In Russian President Vladimir Putin’s mind, invasion is the only way to stop Ukraine’s westward drift. While there is little that can stop Moscow in the short term, Ukrainian resistance, Western sanctions, and opposition within Russia spell trouble for Putin in the longer term.
Since coming to power in 2002 Recep Tayyip Erdogan has overseen a radical transformation of Turkey. Once a pillar of the Western alliance, the country has embarked on a militaristic foreign policy, and its democracy, sustained by the aspiration to join the European Union, has given way to one-man rule.
The European Union’s struggle to respond to the buildup of Russian troops along the Eastern Ukrainian border reveals the bloc’s internal divisions but also the need to rethink the continent’s security architecture.
Dissatisfaction with globalization has turned into a powerful force, with unchecked globalism increasingly seen as a threat to the integrity of democratic rule. Policymakers must reframe globalization to mitigate its negative consequences while keeping its core growth-enhancing dynamics intact.
As centers of economic activity, cities have the power to drive the systemic change needed in today’s climate-disrupted word. Kate Raworth’s Doughnut model offers a valuable, albeit flawed, tool to transform democracies so that they may advance climate action.
Semiconductor manufacturing is currently concentrated in a handful of countries, exacerbating supply chain dependence. The EU’s newly launched Chips Act aims to reduce this dependence, and avoid future shortages—although naysayers question whether the EU will be able to obtain the necessary funding.
Johnson risks being turfed from office for evading his own lockdown rules, not sinking the UK into the pit of irrelevance.
As traditional forms of cooperation struggle to keep pace with geopolitical and technological transformations, the EU will have to do more to maintain its economic power and technological independence.
Rather than pursuing buzzwords like strategic autonomy, European leaders should balance home-grown initiatives with an openness to trade and investment in a harmonious and comprehensive manner.
While Orbán’s relationship with Putin may seem to indicate weakness in NATO’s Eastern flank, the Ukraine standoff has actually demonstrated the value of the alliance to Central and Eastern European countries, many of whom have stood firmly in support of the Western response to Russian threats.
It’s leaving the West weaker and divided on the Ukraine crisis.
While Ankara’s activist policy in Southeast Europe has prompted many to see the country as a revisionist power, this is not the case. Turkey is not an external player but very much part of the Balkans, and its foreign policy is a parallel strategy to those of the EU and NATO, rather than a challenge.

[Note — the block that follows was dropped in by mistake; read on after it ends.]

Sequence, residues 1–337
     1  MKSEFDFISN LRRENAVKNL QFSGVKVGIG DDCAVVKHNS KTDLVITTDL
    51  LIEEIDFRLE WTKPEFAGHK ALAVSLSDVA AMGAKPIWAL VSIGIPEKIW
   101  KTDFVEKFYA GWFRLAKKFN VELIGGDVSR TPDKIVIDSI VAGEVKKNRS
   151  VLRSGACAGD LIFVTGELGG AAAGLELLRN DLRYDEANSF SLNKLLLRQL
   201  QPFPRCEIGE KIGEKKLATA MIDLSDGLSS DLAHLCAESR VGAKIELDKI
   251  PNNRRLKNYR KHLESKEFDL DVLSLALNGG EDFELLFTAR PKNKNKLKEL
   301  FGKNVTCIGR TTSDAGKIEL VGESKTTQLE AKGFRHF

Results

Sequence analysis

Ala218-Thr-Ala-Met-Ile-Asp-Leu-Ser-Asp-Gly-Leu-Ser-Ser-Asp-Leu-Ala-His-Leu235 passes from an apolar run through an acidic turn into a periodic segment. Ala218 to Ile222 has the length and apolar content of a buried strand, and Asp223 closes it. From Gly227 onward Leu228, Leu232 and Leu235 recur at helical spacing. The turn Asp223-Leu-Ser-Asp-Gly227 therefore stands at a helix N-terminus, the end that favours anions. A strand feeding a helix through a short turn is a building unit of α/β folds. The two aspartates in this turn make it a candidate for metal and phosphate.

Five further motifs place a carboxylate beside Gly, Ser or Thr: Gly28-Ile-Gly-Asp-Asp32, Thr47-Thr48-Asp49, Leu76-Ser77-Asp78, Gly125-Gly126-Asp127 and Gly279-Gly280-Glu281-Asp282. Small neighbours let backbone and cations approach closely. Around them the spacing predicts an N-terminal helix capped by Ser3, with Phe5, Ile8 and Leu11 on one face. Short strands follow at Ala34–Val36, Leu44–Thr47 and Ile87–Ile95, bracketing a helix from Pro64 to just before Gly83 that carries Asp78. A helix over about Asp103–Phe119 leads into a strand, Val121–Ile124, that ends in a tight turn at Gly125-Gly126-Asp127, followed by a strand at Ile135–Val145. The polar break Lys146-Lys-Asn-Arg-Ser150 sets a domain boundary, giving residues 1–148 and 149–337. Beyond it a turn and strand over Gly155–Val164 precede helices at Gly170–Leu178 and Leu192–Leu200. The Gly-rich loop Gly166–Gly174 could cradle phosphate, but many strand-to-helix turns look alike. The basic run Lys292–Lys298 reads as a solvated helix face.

With accession talks at an impasse, Turkey and the EU need another way to revitalize their relationship.
In 2021, the EU and members states put in place new policies and processes aimed at supporting democracy. This Annual Review summarizes how and where Europe is directing these funds, and what are the impacts.
Carnegie scholars assess U.S.-European cooperation on China, technology, climate, and more.
In the last two decades, the Balkans appear to have become a new arena for religious competition between Turkey, Saudi Arabia, and Iran. The strategies used by these very different actors show their efforts in exporting faith in the name of power and in projecting their identity and domestic structures.
This week's high-level diplomatic meetings involving Russia, the United States, and NATO mark a departure from recent years of minimal contact. Putin has forced this crisis diplomacy upon the West, and for him, this already constitutes success: it shows the world that Russia is a globally significant power to be reckoned with.
Since October 2020, the European Union has gradually extended its sanctions against Belarus. Aimed to change the calculations and dynamics within the ruling elite, sanctions are now perceived as less important by the Belarusian people given the authoritarian regime's consolidation of power.
With increased summitry and frequent communication between Moscow and Washington, present-day Russia-U.S. relations harks back to the Cold War. To defuse tensions, the Americans must draw the Russians to the table and negotiate from a position of strength.
While a successful Iran nuclear deal is far from guaranteed, alternatives to diplomacy are bleak. The United States’ apparent unwillingness to signal its intention to honor the agreement, Iran’s nuclear progress, and rising tensions between Washington and Beijing stand in the way of a renewed compromise.